With the German army quickly advancing through Belgium, in his book 1940: Myth and Reality Clive Ponting notes the British started pulling back from the frontline without telling the Belgian forces on their flank. British forces also refused requests from the French high command to fight alongside French forces (British soldiers were formally under French command at the time), says Ponting. Writing in his diary, General Pownall, Chief of Staff to the Commander of the BEF, described the Belgium military as “rotten to the core and in the end we shall have to look after ourselves.” Asked about the possibility of evacuating Belgians troops, Pownall replied “We don’t care a bugger what happens to the Belgians”.

After the Germans had started cutting off supply lines “stealing from civilians soon became official policy”, according to Nicholas Harman in his 1980 book Dunkirk: The Necessary Myth. And with morale at rock bottom and troops under extreme physical and psychological stress, historian Glyn Prysor notes there was “widespread British antagonism towards refugees and other innocent bystanders.”

Prysor records the story of artillery NCO William Harding who remembers a fellow soldier shooting an old woman in the street in Calais. When challenged by Harding the perpetrator replied “Anybody dressed as old women, nuns or priests or civilians running around get shot.” Harman notes that “British fighting units had orders to take no prisoners” except for interrogation. This policy, combined with the widespread fear of ‘fifth columnists’, led to a “large number of executions without trial”, writes James Hayward in his book Myths and Legends of the Second World War. For example, Harman notes the Grenadier Guards shot seventeen suspected spies in the Belgian village of Helchin.

With the evacuation at Dunkirk moving ahead, Ponting notes “the British relied on their allies to hold the Germans without offering to evacuate their partners.” On 29 May French troops were manhandled off British ships – a fractious relationship highlighted in Nolan’s film. “There are many reported incidents of British officers and soldiers resorting to firing upon their French counterparts at Dunkirk”, Prysor notes. In the end around 340,000 allied soldiers were rescued, including 125,000 French troops.

And what of the “little boats of Dunkirk”? As the historian Angus Calder notes in his 1991 book The Myth of the Blitz “Few members of the British Expeditionary Force owned their passage to ‘little ships’ manned by civilian volunteers”.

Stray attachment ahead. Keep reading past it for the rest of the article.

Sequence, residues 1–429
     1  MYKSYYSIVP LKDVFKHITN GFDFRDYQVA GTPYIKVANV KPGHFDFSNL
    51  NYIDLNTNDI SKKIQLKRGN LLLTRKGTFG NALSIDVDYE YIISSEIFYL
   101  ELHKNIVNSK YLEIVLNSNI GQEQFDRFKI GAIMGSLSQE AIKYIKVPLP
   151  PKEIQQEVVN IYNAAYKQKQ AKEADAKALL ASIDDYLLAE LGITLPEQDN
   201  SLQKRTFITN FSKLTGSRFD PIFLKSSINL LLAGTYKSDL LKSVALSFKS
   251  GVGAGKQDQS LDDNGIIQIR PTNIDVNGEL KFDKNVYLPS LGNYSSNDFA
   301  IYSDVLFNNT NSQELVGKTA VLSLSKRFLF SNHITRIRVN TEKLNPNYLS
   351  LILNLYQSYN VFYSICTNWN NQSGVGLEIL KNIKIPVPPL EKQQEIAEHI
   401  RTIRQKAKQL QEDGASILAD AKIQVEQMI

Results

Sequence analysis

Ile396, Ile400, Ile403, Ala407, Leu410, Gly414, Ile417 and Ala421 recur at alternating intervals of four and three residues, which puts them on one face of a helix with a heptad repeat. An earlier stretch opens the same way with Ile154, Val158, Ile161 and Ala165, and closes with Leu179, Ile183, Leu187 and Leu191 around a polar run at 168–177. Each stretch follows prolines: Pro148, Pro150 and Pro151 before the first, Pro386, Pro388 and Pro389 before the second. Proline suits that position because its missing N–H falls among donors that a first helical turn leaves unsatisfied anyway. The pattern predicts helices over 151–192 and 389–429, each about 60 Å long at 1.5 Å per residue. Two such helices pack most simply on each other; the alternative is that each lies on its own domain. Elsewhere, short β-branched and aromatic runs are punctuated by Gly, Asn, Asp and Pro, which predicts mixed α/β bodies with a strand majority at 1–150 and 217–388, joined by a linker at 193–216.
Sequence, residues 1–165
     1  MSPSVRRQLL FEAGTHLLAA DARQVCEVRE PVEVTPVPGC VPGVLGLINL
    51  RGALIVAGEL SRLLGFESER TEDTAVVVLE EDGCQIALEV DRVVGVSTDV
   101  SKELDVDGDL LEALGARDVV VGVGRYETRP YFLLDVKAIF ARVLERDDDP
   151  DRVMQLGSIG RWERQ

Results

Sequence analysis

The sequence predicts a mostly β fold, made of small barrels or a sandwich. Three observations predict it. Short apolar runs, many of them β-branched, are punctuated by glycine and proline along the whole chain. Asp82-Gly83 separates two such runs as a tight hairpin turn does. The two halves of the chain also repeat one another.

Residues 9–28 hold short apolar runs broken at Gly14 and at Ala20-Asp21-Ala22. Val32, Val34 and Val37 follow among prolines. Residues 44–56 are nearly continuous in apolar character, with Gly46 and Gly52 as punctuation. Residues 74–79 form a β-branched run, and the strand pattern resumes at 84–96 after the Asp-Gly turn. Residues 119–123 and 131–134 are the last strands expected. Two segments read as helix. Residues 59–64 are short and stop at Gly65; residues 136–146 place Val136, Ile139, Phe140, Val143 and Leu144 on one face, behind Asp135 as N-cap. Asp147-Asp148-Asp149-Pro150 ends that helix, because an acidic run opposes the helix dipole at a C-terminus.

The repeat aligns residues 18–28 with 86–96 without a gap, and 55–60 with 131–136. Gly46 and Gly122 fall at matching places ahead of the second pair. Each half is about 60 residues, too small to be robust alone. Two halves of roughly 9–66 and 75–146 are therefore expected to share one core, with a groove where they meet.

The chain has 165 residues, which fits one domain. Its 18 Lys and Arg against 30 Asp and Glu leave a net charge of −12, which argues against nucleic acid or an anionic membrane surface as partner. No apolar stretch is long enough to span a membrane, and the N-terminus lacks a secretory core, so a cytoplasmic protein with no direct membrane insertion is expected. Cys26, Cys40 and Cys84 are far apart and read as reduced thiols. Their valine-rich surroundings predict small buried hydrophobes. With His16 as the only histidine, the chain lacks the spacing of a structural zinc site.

Moreover, former Telegraph editor Hasting argues that like all significant historical events “the legend of Dunkirk was besmirched by some uglinesses”.

“A significant number of British seaman invited to participate in the evacuation refused to do so, including the Rye fishing fleet and some lifeboat crews”, he notes. According to Calder the Royal Navy had to commandeer boats in Devon whose owners would not volunteer. However, this is not surprising – Calder explains the British public was only informed of the evacuation in the evening of 31 May, by which time around three-quarters of British personnel had been rescued, so it’s likely many would not have known what they were volunteering for.

Rather than the simplistic and patronising bedtimes stories the British public have been told at school, by the news media, television and film industry, the evidence presented here points to a complicated, sometimes unpleasant – more human – reality.

However, as George Orwell once wrote about the UK, “Unpopular ideas can be silenced, and inconvenient facts kept dark”. This happens “without the need for any official ban”, he argued, but by “a general tacit agreement that ‘it wouldn’t do’ to mention that particular fact.” The accuracy of Orwell’s truism is demonstrated by the reverence the allied role in the Second World War continues to be held in – across the political spectrum it seen as the Good War, the ultimate Just War.

The problem with this framing, the comedian Robert Newman argued on his 2005 album Apocalypso Now, is that it’s “based on a very misleading premise: which is just because the enemy you are fighting is evil, that makes you good”.

Can it really be a Good War when it included “Allied bombing in which German and Japanese civilian populations were deliberately targeted claimed the lives of about 800,000 civilian women, children and men”, according to historian A.C. Grayling? Were the nuclear strikes on Hiroshima and Nagasaki, when the US knew the Japanese government was on the verge of surrendering, part of a Just War? What noble aims and values lay behind British forces working with German collaborators to violently suppress the popular anti-German resistance movement in Greece in 1944-5? Were British forces rescued from Dunkirk so at the end of the war British troops could work with the defeated Japanese forces to crush nationalist uprisings in Vietnam and Indonesia, as written about by the journalist Ian Cobain and historian John Newsinger, respectively? And while we are at it, why were tens of thousands of British troops ‘defending’ Singapore and the Middle East during Britain’s ‘darkest hour’ in summer 1940?

Where are the blockbuster films about these campaigns conducted by British forces and their allies in the Second World War?